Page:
"Jeopardy!" players seeking to maximize their earnings might wonder which questions offer the best return. As the questions become worth more money, they become harder. Which can be expected to pay out best—the easy, sure-thing ones or the high-value, challenging ones?
To answer that question, I calculated an expected-value payout for each value of question. For every question in the set, I used the actual buzz outcomes to total the net dollar outcome and divided it by number of buzzes. For example, if a $400 question provoked two wrong buzzes and one correct one, the average value was -$166 (i.e., ($400 -$400 -$400)/3). To questions on which no one buzzed, I assigned a $0 value. Finally, I averaged the results of questions from the same round and face value to determine expected values.
The high-value questions provide the best payouts. They are, granted, harder than the easy ones. Note that questions in the same round do not increase payout in exact proportion to increased value (e.g., the first round's $1000 question does not pay 25% more than the $800), and that Double Jeopardy! questions are harder than their equivalents in Jeopardy! (e.g., the $800 question in Double Jeopardy! is worth less than twice as much as the $400 question in Jeopardy!, though slightly more than the $800 Jeopardy! question). Still, face value increases faster than difficulty.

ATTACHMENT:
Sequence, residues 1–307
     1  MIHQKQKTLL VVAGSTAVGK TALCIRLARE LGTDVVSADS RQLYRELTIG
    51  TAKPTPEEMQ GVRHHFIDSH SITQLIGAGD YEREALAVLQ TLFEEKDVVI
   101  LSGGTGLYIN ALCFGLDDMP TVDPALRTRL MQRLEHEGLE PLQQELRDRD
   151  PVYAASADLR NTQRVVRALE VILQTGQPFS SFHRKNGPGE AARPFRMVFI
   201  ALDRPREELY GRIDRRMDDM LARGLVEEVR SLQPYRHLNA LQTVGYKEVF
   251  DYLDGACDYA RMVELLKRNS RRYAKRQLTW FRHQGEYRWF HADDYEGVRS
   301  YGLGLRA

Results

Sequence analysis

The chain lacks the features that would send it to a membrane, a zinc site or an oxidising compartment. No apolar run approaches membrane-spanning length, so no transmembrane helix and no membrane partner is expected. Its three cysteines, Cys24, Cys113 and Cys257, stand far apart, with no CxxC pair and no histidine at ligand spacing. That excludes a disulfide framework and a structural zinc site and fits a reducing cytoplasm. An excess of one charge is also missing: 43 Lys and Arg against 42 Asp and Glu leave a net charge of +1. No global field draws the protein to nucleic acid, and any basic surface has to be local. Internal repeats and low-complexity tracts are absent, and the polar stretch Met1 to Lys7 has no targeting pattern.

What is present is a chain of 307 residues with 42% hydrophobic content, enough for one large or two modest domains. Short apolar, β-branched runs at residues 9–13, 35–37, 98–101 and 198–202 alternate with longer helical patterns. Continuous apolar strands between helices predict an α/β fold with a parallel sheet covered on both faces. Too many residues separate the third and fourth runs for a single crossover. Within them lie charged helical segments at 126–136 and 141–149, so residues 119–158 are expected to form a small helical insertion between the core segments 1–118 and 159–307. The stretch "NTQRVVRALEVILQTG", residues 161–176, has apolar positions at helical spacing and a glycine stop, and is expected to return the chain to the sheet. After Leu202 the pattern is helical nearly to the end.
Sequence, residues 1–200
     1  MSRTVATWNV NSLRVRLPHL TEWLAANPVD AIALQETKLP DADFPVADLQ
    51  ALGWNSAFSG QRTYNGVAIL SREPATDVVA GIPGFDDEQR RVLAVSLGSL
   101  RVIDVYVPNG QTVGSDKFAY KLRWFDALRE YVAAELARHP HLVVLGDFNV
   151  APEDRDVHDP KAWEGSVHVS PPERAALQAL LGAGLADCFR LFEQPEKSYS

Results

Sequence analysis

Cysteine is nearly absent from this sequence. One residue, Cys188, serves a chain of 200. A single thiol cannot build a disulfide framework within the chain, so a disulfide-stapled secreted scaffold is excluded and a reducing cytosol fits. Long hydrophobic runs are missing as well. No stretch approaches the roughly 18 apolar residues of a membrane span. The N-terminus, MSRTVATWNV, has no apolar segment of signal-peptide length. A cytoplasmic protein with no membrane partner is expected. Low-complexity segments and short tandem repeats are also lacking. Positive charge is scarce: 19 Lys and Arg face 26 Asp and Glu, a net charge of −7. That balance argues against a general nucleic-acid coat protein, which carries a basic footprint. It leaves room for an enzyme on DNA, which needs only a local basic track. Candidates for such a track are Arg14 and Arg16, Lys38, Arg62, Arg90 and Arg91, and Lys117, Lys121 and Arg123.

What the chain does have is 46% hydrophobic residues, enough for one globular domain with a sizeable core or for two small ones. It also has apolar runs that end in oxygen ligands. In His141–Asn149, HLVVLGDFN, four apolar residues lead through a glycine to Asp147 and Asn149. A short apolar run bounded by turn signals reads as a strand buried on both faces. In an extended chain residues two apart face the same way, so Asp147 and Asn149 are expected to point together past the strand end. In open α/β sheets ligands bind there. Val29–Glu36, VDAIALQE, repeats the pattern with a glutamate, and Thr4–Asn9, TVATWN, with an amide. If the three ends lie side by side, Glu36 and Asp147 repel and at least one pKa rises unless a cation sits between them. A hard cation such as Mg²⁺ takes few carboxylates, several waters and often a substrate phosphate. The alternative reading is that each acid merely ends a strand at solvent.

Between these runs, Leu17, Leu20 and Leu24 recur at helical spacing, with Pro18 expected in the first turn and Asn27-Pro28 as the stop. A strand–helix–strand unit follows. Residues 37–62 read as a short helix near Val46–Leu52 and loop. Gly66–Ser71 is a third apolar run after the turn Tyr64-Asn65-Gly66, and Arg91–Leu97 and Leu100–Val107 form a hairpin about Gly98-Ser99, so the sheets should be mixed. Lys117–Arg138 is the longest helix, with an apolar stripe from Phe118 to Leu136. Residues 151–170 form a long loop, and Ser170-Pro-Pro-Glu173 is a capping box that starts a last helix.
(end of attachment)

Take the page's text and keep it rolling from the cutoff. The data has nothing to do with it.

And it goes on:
Theoretically, that means players should prioritize the higher-value questions. However, they seem to do exactly the opposite: the most difficult questions are the least asked. Standard “Jeopardy!” contestant practice is to start with the easy clues and work toward the harder ones. That means, though, that if time runs out before the board is cleared, the highest-value questions remain unasked. That is only a desirable result for a leading player who is playing defense late in the game to protect a lead. Otherwise, everyone should be trying to maximize their prize winnings. "Jeopardy!" players would do well to keep that in mind.